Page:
Large-scale works are produced with substance and stability, a stability that extends beyond the clearly defined soundstage into the realm of rhythm and timing. Shawn Colvin’s Steady On (CBS 466142-1) features a trip-hammer drum-beat that both anchors and drives every track, but you’ll rarely have heard it projected as solidly or with such impetus as the Aesthetix achieve. The propulsive effect is remarkable, underpinning and pushing the vocal forward. And what a vocal; Colvin’s voice is deceptively sweet given the acid content of the lyrics, the Aesthetix combination revealing both the pain and the anger behind the words. This is a real voice from a real person singing about real events and the amps leave you in no doubt about that. I ran the amps with both my vdH Condor and the Goldfinger Statement, the Janus offering more than enough gain for either, with no noise problems. In fact, the 6dB stepped gain options allow you to balance musical energy against noise in a way that fixed gain stages can’t match. The result is LP reproduction with clarity and resolution, substance and power, a sense of flow and forward motion, natural colours and a complete absence of that synthetic edge or etching that marks out hi-fi from music. It’s a character that offers the perfect foundation for the substantial reinforcement provided by the Atlas, a character that carries over to the reproduction of silver disc. Ryan Adams’ Heartbreaker is full of presence and body, subtlety and deft rhythmic touches, while the deep bass incursions that underpin a track like ‘AMY’ are still solid, still come as a surprise. It’s this ability to be solid and stable without becoming planted or static that brings the intimacy and directness to the music played on the Aesthetix pairing. Whilst you’d never mistake this for a small amp, it embodies so many small amp attributes (rhythmic flexibility, natural dynamic expression and warmth, immediacy and communication) that the presence of not just big amp virtues, but big amp virtues done really well can come as a shock. The unmistakable backing vocals from Emmylou Harris on ‘Oh My Sweet Carolina’ are almost ghostly real, while the building chorus and almost anthemic finale swell from nothing, leaving you wondering just where they came from. Turn to big-time classical and orchestral sweep can almost literally sweep you away.
Like every other piece of audio equipment, the Aesthetix Janus and Atlas will always be prey to context. Put them with the wrong partners and they’ll sound sluggish and heavy, dull and overbearing. But unlike most amplifiers, the thing to avoid here is speakers that don’t need (or want) what these amps have to offer. Easy to drive with a tailored bottom-end? Look elsewhere. Super sensitive and high impedance? Definitely look elsewhere. Just don’t be fooled by the numbers. On paper, the Focal Scala V2 – at 92dB sensitivity and a nominal 8 Ohm load – look like exactly the sort of speaker the Aesthetix should avoid, but dig a little deeper and you’ll notice that not only does the impedance curve exhibit a 3.1 Ohm minimum, but the -3dB point at 27Hz is generated from a single 270mm woofer in a true three-way configuration. That’s definitely the sort of speaker that will really benefit from the light-touch control and load tolerance available from the Aesthetix amps, while their sheer class will also make the most of the amps’ refinement. No surprise then that the combination is a spectacularly successful one, reflected by the fact that the Scala V2s, driven by the Atlas mono-blocs and Io/Calypso Eclipse offered one of the best sounds at RMAF 2013 – easily outpacing the vastly more expensive Stella/Soulution system that was also on show! Get it right and these amps will really reward you, their positive attitude bearing magical musical fruit.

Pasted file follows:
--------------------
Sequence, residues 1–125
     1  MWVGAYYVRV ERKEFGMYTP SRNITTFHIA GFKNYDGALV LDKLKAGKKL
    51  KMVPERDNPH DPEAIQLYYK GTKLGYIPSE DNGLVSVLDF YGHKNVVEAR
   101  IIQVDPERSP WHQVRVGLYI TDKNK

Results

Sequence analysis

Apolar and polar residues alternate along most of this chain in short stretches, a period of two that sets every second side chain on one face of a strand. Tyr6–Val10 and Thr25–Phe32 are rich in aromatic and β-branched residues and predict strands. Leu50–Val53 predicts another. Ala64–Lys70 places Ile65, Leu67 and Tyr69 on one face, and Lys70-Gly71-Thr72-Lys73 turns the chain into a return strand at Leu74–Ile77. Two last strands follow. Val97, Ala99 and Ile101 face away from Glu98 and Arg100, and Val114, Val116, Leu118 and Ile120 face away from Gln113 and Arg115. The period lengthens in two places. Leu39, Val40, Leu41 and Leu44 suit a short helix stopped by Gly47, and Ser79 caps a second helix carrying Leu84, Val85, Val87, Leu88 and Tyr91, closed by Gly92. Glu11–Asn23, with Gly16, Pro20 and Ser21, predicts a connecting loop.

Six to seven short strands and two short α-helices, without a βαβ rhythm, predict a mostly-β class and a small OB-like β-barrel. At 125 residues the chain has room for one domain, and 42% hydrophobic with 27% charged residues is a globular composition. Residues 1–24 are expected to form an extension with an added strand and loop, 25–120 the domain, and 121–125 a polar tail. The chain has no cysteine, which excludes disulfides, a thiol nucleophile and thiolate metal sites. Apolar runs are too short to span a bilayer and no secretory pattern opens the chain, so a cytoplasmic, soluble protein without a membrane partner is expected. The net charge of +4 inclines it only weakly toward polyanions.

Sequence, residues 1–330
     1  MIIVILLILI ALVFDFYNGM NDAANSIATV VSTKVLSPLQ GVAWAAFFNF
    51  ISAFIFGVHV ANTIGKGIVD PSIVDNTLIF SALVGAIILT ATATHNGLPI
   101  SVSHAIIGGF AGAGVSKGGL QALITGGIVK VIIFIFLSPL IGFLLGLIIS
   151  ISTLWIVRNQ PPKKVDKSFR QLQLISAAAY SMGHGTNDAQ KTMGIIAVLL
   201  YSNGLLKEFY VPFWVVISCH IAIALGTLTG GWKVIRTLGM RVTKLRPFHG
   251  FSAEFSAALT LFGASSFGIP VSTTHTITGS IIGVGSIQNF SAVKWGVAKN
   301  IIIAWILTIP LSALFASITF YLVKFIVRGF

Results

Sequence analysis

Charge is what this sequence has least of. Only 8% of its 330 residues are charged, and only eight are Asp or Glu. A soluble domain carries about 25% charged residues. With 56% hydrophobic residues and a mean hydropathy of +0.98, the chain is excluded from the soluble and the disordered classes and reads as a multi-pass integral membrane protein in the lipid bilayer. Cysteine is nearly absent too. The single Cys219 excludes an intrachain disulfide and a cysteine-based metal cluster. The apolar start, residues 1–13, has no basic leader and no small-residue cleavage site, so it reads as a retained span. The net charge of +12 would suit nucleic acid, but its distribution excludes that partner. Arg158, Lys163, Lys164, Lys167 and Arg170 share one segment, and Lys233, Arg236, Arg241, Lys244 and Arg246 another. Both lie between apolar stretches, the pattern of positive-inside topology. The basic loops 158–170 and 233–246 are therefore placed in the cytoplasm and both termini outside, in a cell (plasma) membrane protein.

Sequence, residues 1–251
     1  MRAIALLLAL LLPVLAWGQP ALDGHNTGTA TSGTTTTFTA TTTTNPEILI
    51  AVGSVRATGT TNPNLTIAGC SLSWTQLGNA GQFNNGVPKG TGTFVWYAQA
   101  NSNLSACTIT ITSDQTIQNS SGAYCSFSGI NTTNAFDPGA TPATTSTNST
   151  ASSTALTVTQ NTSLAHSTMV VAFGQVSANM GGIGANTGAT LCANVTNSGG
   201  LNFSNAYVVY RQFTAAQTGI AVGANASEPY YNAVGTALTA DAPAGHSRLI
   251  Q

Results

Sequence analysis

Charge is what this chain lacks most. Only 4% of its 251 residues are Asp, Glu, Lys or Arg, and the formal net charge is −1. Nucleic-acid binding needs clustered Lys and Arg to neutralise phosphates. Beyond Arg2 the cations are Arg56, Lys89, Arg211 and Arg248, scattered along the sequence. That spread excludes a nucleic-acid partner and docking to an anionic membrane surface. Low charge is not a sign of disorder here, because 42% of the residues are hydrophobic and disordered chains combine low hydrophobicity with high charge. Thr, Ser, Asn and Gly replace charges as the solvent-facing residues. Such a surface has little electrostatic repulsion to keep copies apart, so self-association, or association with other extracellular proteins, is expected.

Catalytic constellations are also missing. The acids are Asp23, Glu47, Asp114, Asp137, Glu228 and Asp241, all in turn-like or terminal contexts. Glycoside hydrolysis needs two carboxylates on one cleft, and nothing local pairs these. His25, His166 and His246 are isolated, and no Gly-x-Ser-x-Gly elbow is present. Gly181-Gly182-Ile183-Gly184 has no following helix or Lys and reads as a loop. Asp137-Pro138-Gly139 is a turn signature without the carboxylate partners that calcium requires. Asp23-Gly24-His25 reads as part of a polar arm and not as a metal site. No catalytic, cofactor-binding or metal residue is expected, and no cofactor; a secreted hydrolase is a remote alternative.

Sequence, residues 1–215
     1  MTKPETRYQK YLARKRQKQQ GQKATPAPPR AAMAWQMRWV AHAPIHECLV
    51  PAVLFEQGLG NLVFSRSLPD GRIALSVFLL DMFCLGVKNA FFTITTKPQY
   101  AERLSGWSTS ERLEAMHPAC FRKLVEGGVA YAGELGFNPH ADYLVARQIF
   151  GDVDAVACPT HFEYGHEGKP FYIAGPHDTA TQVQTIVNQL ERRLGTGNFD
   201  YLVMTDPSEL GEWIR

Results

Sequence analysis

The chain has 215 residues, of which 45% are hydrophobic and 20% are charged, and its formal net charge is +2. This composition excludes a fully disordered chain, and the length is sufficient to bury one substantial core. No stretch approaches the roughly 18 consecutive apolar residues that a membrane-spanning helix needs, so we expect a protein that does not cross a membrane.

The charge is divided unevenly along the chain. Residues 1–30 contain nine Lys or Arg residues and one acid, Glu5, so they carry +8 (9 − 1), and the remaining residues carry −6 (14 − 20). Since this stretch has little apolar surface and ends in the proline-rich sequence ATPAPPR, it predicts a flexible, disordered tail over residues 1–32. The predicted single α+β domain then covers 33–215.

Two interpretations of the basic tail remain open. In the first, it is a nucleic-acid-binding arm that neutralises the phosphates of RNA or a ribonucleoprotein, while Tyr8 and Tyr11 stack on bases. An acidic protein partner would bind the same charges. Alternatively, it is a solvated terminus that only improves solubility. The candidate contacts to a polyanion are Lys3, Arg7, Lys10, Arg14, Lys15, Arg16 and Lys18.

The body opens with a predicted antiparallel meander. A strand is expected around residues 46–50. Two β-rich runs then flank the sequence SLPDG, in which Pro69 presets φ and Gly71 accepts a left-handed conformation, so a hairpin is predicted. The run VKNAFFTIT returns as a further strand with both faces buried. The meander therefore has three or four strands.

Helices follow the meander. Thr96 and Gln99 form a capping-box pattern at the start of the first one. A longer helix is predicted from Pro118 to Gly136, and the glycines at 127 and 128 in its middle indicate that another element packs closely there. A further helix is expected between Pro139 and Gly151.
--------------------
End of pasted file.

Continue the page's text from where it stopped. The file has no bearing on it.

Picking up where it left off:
Big, bold, solid and surprisingly agile, these amps are good enough and communicative enough to put you really close to the performers and their performance. With unforced power and a real sense of presence, they project music with an uncannily natural sense of pace, flow and colour. Having run the Atlas in a few systems now, it has become a real go-to amp. The Janus, despite the astonishing value, will clearly only appeal to those who use, or want to get back into using, vinyl. For everybody else, there’s always the Calypso – at £4,850. That makes the phono-stage in the Janus pretty much a £1,950 option and at that price it will come as little short of a revelation to many listeners – especially those used to the one size fits all approach adopted by so (too?) many manufacturers. It’s not until you use these Aesthetix electronics together that you realize their full potential – and believe me, that potential is considerable!
Tube Complement: 8x 12AX7, 4x 6922/6DJ8
Inputs: 5x line-level (balanced or single-ended)
1x phono mm/mc (40 – 75dB gain)
Cartridge Loading: 9 values from 75 Ohms to 47 kOhms
Line-level Gain: 23dB
Cartridge De-mag: Yes
Absolute Phase: Yes
Outputs: 2 pairs XLR, 2 pairs RCA
Output Impedance: 1 kOhm single-ended,
600 Ohms balanced
Dimensions (HxWxD): 120 x 455 x 458mm
Tube Complement: 2x 6SN7
Rated Output: 200 Watts/8 Ohms; 400 Watts/4 Ohms
Input Impedance: 470 kOhms
Input Sensitivity: 60mV (1 Watt), 2.3V (full power)
Dimensions (WxHxD): 458 x 203 x 483mm
Weight: 32kg (claimed – but my back says they’re lying!)
Manufactured by Aesthetix
Authorised UK stockists:
Cool Gales: +44(0)800 043 6710
Hi-Fi Sound: +44(0)845 601 9390